Family Bible Game Review of Mission: Ends of the Earth

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I review the game Mission: Ends of the Earth by Bible Games Central. It's an imaginative twist on the traditional path-based board game.

The folks at Bible Games Central recently asked me to review some of the latest Christian games added to their catalog. I reviewed some of their card-based games last year, and this year, the games go beyond cards.

Before I get into to the review, however, a quick disclaimer: although Alvin Gan is a contributing author to this site, neither he nor Bible Games Central have paid me for any game reviews nor am I an affiliate of their company (I receive no compensation from links to their site).  The review below (and all reviews of their games) is my honest, unfiltered opinion, and I try to be as objective as possible.

In this review, I’ll be looking at Mission: Ends of the Earth, a path-based board game in which players must move their “missionaries” to their specified destination.  This review will evaluate the game’s design and construction, the overall gameplay, some weaknesses of the game, and then offer some final thoughts and recommendations.

Mission: Ends of the Earth

Materials, Design & Construction

Upon opening the game, it’s quite evident that care is taken when making these games.  The game’s box is thick and sturdy, a stark contrast to some of the cheaper, thinner boxes used by multi-million dollar toy companies such as Mattel and Hasbro Parker Brothers.  Bible Game Central makes their game boxes to last!  Also, there are custom sections in the box to keep the game pieces organized (though it doesn’t always work as intended—see weaknesses below).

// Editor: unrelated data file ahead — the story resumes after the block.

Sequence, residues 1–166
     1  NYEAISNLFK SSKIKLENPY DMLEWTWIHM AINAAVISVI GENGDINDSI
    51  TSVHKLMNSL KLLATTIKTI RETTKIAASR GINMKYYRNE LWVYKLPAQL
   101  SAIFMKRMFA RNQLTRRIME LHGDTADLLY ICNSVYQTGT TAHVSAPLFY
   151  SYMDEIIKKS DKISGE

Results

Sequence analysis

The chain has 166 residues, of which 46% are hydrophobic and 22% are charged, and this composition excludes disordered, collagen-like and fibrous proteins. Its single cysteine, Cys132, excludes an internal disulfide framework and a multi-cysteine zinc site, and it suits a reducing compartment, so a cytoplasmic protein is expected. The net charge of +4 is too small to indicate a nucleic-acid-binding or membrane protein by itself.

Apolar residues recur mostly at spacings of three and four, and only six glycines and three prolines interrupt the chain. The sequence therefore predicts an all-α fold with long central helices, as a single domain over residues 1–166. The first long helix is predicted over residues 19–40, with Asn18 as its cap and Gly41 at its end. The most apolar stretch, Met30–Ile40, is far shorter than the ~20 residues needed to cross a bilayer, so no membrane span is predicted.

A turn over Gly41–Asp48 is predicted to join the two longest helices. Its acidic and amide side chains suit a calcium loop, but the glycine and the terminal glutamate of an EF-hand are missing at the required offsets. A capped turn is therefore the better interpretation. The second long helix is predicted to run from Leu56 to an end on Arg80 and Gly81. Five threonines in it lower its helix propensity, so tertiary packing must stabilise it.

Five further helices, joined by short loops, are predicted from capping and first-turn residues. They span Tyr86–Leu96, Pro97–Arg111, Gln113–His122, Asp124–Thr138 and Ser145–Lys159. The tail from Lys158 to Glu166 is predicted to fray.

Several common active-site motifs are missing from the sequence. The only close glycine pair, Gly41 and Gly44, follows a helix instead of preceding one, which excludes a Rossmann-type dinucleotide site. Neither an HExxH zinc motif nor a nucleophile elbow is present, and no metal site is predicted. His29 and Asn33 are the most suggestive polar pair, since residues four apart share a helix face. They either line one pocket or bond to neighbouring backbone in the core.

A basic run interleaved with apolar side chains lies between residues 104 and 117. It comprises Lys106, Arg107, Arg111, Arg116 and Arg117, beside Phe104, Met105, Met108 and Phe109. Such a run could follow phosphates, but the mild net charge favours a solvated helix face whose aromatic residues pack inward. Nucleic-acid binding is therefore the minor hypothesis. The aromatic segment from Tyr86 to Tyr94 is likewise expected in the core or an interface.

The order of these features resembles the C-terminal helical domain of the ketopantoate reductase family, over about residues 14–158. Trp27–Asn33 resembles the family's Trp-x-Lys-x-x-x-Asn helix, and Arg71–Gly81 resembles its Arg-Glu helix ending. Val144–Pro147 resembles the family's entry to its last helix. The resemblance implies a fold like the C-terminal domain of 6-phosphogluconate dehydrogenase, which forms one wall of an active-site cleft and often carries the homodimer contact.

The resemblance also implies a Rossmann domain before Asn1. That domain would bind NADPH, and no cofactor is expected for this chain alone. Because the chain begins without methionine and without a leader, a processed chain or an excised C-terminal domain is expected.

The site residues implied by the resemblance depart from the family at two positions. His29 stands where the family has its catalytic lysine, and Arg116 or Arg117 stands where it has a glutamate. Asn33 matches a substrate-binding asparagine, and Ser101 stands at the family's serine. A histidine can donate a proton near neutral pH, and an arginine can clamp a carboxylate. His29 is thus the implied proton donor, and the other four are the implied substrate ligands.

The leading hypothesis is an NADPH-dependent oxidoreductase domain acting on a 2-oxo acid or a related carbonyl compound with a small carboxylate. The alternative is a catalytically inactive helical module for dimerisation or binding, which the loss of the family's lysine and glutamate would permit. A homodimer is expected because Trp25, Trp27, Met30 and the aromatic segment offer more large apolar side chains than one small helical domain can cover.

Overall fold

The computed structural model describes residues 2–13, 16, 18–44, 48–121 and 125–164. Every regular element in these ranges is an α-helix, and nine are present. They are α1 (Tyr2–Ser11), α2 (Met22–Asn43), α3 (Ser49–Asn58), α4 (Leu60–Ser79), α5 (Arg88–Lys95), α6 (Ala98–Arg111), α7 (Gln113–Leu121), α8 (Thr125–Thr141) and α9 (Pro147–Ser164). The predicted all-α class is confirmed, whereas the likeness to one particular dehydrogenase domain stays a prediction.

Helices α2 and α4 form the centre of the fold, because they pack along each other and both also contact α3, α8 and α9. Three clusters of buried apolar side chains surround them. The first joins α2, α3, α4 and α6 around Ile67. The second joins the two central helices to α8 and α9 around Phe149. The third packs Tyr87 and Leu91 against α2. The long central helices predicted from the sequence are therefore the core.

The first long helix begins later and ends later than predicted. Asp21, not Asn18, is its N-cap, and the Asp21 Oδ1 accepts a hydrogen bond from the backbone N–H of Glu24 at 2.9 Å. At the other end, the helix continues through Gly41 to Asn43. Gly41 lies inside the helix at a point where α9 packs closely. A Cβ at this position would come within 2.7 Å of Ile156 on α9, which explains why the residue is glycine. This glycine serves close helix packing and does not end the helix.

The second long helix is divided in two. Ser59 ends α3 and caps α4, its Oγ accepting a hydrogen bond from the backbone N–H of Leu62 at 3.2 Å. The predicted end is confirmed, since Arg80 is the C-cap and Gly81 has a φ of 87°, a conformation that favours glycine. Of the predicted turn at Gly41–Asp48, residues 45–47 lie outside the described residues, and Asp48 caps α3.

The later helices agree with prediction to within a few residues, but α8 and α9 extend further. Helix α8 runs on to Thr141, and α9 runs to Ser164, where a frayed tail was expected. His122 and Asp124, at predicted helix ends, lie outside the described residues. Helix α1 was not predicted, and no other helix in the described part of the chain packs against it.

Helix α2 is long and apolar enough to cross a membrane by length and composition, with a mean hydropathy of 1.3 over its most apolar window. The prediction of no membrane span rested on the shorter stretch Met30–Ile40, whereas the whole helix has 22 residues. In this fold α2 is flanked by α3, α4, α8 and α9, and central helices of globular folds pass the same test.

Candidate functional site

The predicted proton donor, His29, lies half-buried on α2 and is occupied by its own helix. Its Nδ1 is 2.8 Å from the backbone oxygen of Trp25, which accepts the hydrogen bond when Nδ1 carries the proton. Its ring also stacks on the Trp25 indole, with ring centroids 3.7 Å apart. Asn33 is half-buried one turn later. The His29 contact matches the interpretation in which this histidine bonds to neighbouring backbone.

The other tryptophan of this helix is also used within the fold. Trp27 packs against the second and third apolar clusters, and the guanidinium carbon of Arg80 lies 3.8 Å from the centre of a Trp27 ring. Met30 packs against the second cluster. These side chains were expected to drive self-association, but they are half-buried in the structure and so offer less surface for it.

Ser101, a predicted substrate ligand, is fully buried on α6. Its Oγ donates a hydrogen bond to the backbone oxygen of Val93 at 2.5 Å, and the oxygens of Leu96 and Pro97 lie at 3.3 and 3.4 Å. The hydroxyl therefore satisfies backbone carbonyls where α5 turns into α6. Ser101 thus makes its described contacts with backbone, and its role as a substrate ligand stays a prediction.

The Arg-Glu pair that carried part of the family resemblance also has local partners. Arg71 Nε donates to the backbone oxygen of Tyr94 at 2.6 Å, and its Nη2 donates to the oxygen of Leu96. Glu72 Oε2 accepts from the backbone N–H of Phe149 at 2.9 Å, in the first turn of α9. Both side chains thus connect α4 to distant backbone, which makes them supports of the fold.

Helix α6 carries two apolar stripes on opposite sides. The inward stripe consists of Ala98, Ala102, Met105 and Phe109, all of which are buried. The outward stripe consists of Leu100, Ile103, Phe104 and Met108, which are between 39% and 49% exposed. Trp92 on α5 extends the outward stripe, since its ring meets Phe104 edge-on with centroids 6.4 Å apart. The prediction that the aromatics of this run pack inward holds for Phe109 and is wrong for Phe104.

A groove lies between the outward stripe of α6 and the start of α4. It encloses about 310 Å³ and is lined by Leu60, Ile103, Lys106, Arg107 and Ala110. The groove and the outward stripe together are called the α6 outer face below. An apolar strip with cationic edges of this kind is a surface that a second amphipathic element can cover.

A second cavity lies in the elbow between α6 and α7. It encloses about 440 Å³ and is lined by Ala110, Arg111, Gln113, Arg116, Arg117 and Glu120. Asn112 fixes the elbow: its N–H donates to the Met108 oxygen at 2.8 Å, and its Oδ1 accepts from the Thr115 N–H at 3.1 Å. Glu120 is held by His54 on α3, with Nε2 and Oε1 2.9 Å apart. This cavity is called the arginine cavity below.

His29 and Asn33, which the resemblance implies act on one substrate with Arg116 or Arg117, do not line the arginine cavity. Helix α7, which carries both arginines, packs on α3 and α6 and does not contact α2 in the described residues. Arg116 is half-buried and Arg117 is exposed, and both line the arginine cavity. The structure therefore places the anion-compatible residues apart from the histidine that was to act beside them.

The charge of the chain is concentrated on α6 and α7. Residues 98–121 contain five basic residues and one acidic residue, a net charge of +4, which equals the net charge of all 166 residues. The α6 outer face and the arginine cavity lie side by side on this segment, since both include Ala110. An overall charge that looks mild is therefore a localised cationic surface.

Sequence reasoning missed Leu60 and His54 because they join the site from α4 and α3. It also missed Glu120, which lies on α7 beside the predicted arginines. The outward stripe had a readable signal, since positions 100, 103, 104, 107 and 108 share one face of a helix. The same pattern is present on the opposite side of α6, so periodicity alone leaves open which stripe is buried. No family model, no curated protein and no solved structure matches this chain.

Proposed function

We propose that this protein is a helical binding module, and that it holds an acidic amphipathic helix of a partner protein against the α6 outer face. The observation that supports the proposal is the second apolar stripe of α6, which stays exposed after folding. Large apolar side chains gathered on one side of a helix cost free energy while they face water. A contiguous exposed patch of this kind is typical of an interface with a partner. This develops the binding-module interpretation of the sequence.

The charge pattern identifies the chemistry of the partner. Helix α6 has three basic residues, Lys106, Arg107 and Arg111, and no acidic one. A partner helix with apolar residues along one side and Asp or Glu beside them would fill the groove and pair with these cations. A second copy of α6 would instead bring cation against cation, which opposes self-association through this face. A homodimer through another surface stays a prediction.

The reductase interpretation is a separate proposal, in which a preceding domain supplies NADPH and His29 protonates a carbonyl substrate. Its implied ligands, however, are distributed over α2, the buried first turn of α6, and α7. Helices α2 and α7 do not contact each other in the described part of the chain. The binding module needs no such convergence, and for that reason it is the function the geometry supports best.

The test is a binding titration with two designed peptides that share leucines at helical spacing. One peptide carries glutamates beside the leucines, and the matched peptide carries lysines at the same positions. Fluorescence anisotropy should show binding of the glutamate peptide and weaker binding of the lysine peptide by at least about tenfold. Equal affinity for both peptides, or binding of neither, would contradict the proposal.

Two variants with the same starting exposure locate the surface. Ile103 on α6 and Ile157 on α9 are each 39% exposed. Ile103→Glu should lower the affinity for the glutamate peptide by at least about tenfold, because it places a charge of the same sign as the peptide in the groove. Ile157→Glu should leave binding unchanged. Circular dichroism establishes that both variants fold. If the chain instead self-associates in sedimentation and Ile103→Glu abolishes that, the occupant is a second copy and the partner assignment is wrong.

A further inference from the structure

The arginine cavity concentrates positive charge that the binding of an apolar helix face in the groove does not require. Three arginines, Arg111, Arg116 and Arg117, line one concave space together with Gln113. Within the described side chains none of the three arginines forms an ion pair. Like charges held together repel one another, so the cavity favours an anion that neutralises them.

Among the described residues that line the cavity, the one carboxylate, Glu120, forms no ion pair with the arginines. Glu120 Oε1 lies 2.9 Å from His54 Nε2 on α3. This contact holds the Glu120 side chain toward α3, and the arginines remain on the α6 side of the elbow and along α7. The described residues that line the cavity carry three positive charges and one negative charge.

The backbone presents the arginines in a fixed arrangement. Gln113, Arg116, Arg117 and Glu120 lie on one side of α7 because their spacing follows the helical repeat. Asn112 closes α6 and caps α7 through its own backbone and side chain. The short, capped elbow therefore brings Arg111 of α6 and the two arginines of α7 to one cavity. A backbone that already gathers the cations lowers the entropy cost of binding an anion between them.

The player pieces are made of wood instead of the traditional plastic or metal, and they are shaped like little people (our son loves the “red guy”).  Likewise, the die is also made of wood rather than the typical plastic or resin.  I’m not sure if this is more or less expensive, but it does give the pieces a unique feel and texture.  However, because the die is wood, it is lighter than standard dice and may not be as durable; repeated use could cause it to wear down quicker.  I suspect, however, that the die will last a long time, probably longer than the game board or other cardboard pieces.

The cardboard pieces used in Mission: Ends of the Earth—the path squares and resource disks—come in frames.  The pieces came out of their frames with ease and showed no indication of tearing or other damage one often sees when removing pieces from frames.  Additionally, the cardboard used is quite thick and feels durable.

Mission uses bright colors and cartoon-influenced artwork, common on games, especially those geared toward kids.  However, they are neither garish nor childish, but have an appealing charm that even adults and “kidults” alike will appreciate.

As a Christian, I greatly appreciate that the game is influenced by Scripture.  Mission: Ends of the Earth is based on Acts 1:8 and uses the Greek words for the cardinal directions (north, south, east, west) from Luke 13:29.  All this aligns with the evangelistic and Bible-teaching mission of Bible Games Central.

Click each photograph below to see full size.

Overall Gameplay